My life is much, much simpler now, but I'm also more awake. (Old people sleep less, you know.) Of course, the more veils lifted from your eyes, the more unavoidable what still needs to be done: the blessing/curse of awareness. There's no turning back, only a weird, muddly phase of running in circles, scratching one's head, figuring out what happens next.

So here are my observations, along with some figuring (I'll spare you the annoying scratching that came in between). Nothing's written in stone: I'm sure more hindsight will point out additional follies and better/stronger/faster opportunities for growth, but it's a start, anyway...

PROBLEM #1. I use way too much gas.

My 2004 Corolla supposedly gets 35 MPG (32 city, 40 highway). Not as bad as SUV Nation, not as good as electric or hybrid. Declining auditions (boo hoo!) and increased work from home (yay!) have gotten my annual mileage down to around 7,000, but The BF drives us around a lot, so I probably still burn up at least 10K miles' worth of fossil fuel: too, too much.

Alas, L.A. is not a walking city. When I can, I run errands in nearby Larchmont (or in Silver Lake when I'm staying at My Country House). But I can't hoof the 10, 20, 50 blocks I used to clock in New York and Chicago because more often than not, my destinations are even farther than that, and public transportation is too slow since the buses (and connecting buses) are caught in the same heinous snarl.

If I were more alert and my fellow Angelenos more considerate, I'd buy a (used) bike and cycle more often. As it is, I get a little nervous just crossing the street. Too many people (especially those from SUV Nation, you know who you are, motherfuckers) blowing through too many red lights.

SOLUTION: Honestly? While co-habitation would shave 40 or so miles off of my weekly log, I think the only way to substantially improve my ecological footprint in this quadrant is to move to a smaller/more navigable burg where I can bike and/or walk and or take public transportation more readily. I'm down with that, although I still have to get The BF on board. (To be fair, if I lived in My Country House, I'd probably find L.A. more liveable, too.)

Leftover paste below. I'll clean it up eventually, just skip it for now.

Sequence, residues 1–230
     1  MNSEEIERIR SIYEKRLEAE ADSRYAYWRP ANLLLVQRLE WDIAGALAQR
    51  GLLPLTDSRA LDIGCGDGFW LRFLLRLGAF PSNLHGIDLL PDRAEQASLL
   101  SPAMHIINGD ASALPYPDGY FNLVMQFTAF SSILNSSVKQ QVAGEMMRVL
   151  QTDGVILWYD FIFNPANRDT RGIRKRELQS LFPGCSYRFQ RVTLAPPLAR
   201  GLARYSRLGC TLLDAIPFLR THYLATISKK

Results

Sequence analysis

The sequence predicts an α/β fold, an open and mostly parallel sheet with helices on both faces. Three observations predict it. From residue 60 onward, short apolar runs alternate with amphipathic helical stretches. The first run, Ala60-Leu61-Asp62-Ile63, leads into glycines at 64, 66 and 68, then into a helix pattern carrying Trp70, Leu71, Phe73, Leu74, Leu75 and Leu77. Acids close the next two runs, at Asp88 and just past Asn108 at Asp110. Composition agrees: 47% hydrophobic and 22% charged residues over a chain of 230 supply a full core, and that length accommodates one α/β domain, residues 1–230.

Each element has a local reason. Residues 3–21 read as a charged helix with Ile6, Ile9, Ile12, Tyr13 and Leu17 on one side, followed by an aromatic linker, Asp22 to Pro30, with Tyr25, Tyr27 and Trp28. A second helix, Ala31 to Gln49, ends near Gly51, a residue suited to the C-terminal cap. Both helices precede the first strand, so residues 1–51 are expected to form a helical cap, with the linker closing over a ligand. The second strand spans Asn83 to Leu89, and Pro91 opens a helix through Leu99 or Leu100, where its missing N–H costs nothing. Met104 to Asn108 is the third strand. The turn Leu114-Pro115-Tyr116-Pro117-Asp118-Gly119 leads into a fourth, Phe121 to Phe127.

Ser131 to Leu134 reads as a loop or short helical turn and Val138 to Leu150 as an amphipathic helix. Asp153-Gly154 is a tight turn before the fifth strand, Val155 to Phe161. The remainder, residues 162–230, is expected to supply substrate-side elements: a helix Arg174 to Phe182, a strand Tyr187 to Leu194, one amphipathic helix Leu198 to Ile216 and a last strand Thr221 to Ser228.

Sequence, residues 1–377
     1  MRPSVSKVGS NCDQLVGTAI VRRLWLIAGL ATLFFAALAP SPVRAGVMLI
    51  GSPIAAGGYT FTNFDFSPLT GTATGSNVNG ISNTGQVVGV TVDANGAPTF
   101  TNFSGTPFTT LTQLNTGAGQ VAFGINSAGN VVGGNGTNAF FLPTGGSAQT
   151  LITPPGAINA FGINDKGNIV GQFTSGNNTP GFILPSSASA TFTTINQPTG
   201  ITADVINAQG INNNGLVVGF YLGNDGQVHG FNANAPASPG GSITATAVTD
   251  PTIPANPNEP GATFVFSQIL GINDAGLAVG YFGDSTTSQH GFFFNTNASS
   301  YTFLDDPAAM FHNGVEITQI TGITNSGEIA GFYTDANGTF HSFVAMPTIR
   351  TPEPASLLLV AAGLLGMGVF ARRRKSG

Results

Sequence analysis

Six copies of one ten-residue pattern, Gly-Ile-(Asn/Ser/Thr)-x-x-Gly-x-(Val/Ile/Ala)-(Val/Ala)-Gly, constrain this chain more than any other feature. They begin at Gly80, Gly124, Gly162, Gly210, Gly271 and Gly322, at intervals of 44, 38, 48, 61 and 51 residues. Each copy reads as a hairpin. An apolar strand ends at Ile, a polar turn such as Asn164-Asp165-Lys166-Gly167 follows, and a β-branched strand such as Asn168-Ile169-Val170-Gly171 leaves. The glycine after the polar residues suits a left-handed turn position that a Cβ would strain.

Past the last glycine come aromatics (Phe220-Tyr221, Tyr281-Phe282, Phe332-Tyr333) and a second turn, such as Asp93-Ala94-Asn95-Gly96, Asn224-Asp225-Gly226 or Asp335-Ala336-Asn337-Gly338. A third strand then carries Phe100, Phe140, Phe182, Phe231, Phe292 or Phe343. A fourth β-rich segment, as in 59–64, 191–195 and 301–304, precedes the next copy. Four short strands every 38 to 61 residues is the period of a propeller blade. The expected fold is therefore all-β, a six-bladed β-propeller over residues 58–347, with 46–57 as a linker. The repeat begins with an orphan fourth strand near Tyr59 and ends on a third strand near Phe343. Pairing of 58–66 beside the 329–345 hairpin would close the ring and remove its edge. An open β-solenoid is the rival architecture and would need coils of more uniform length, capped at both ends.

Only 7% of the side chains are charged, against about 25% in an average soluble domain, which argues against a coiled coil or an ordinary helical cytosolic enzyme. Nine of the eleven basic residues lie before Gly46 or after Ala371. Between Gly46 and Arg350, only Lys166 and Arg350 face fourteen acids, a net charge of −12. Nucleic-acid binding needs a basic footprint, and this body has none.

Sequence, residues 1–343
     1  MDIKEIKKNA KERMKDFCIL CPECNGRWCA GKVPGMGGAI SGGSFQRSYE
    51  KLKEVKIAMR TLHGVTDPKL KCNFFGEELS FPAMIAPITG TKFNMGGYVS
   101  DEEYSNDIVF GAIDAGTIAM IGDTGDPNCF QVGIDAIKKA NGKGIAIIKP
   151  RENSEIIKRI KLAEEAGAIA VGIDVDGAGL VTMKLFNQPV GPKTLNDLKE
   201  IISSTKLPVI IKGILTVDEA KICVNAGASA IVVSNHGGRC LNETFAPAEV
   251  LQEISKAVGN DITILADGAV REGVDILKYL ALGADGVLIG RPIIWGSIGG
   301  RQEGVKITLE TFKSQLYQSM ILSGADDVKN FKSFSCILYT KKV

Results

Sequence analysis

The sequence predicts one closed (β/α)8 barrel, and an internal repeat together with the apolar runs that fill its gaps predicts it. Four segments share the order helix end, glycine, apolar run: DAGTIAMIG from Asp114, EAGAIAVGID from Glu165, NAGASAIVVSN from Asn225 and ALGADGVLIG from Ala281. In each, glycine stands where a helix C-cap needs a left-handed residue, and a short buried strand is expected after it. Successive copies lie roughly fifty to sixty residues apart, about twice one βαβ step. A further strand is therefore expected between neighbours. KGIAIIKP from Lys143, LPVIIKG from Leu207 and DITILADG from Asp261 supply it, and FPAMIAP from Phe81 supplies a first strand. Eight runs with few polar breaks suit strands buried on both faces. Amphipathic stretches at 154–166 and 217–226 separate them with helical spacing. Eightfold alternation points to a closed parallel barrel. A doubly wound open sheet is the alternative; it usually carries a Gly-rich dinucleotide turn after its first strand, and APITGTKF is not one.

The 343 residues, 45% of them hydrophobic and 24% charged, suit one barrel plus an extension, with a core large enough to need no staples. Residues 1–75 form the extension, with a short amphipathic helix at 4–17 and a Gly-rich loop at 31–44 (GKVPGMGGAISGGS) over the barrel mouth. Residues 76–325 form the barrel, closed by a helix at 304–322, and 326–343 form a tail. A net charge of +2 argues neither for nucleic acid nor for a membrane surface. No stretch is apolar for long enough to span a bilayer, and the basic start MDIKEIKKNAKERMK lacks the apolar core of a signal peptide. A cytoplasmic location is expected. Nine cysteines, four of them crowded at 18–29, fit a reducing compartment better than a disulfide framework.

PROBLEM #2: I spend way too much on television.

This isn't as obvious a "green" issue as burning up petroleum, but there are larger ecological implications to turning over such a substantial portion of my time and entertainment dollar (over $90/month) to canned, passive entertainment. I'm not supporting my local community of artists; I am helping corporate America (and, by extension, all the thoughtless waste and consumption it promotes) to maintain its stranglehold on the world.

On the other hand, it's the best way I know to stay plugged into what mainstream America is doing and thinking. That, and The Sopranos fucking rocks.

SOLUTION: Get rid of one of my cable boxes and dump the premium channels. (After Sopranos is over, of course.) Or figure out an exact thing I could treat myself to with that money which would help me to create, rather than mindlessly consume.

PROBLEM #3: I spend way too much to be fit (especially since I'm not).

Three years ago, I got an incredible deal on my local Gold's Gym. But even at the low, low price of $120/year for my membership, it costs me 60 bucks per workout. Plus I have to drive there. Plus gyms suck major heinie.

SOLUTION: Give myself until renewal to go. If I don't, quit and use free weights at home. And walk more. (See #1.) $120 is $120. Don't flush money down the toilet! Untreated money is bad for the metropolitan water supply!

PROBLEM #4: I spend way too much on groceries.

This one is a little tougher. Since I make virtually all of my own food from scratch, and since my gut is kind of delicate, I spend more both to get quality ingredients and to find things that are appetizing. Believe me, before I got sick with Crohn's, I was dandy-fine with living a tiny-footprint life on brown rice, vegetables and tofu (with the occasional Filet-O-Fish Extra Value Meal and salt-n-vinegar potato chip binge for variety), provided, of course, there was booze, and GOOD booze, at that. (Really, what's the point of drinking shitty liquor? If you need to pass out that badly, hit yourself on the head with a hammer and be done with it.)